The protracted labour dispute at the container terminal in Gothenburg, operated by APM Terminals, has led to container volumes hitting their lowest level since 2001. Companies large and small have been affected and have been forced to seek alternative solutions. In many cases these have resulted in freight flows being redirected and with a subsequent increase in land transport.
In a new project entitled ‘Logistical consequences of the dispute at the Gothenburg Container Terminal’, Gothenburg University School of Business, Economics and Law, together with SSPA, will examine the impact of the dispute from a national perspective. They will conduct an independent and impartial study of the implications of the dispute, and how the problems that have arisen have been handled as the dispute has progressed.
Entire import-export flow affected
It is fundamentally a question of which companies have been affected, how they have been affected, what measures are being taken to mitigate the consequences, and what the outcome has been. The dispute is not just a local and regional issue but one that has repercussions throughout the entire Swedish import and export chain.
“For a country such as Sweden, which is highly dependent on trade, it is vitally important that our biggest port is effective and reliable,” said project leader Johan Woxenius, who is a professor at Gothenburg University School of Business, Economics and Law and a researcher at the research centre Northern LEAD.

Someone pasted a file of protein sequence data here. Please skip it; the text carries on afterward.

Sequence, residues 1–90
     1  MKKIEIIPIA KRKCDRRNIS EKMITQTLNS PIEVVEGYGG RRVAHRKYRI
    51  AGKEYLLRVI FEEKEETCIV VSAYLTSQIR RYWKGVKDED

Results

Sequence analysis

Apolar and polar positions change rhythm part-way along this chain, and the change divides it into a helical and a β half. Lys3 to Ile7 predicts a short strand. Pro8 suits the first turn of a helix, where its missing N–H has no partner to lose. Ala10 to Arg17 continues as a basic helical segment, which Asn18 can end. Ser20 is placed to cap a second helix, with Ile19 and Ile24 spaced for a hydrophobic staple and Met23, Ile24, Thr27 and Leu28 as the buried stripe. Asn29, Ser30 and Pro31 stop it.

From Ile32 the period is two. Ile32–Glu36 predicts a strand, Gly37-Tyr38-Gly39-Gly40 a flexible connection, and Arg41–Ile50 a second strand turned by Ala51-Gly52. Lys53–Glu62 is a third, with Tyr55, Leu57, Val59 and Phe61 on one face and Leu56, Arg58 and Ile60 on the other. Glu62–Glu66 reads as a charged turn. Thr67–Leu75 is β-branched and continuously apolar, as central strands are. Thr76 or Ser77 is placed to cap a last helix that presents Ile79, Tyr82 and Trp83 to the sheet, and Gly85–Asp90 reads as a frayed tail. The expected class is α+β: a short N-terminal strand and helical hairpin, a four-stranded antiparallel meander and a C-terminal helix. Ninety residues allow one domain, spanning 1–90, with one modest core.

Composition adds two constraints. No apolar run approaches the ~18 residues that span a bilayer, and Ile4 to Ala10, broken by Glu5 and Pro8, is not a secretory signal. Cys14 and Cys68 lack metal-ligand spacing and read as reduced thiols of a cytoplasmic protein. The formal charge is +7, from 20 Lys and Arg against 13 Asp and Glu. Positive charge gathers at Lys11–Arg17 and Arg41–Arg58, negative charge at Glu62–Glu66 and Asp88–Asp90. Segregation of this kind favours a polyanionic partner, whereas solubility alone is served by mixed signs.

“Time and cost constraints in today’s complex production chains are such that manufacturing is only located where the logistics system is totally problem free. We need to know more about the impact of the disruptions and the strategies that are being employed to deal with them.”
The study – funded by the Swedish Transport Administration – has been divided into different phases, each of which will be rolled out during the course of the project, which commenced in October. The first phase, which will be a background description of the dispute and the logistical instability that has ensued, will be completed in March 2018. It will then be followed by an examination of the environmental implications of changes in maritime container traffic.
By way of conclusion, case studies will be conducted that demonstrate the logistical, economic and environmental consequences of the dispute for individual companies and their supply chains. A final report is expected to be published in September 2019. Read more about Northern LEAD and ongoing research projects here.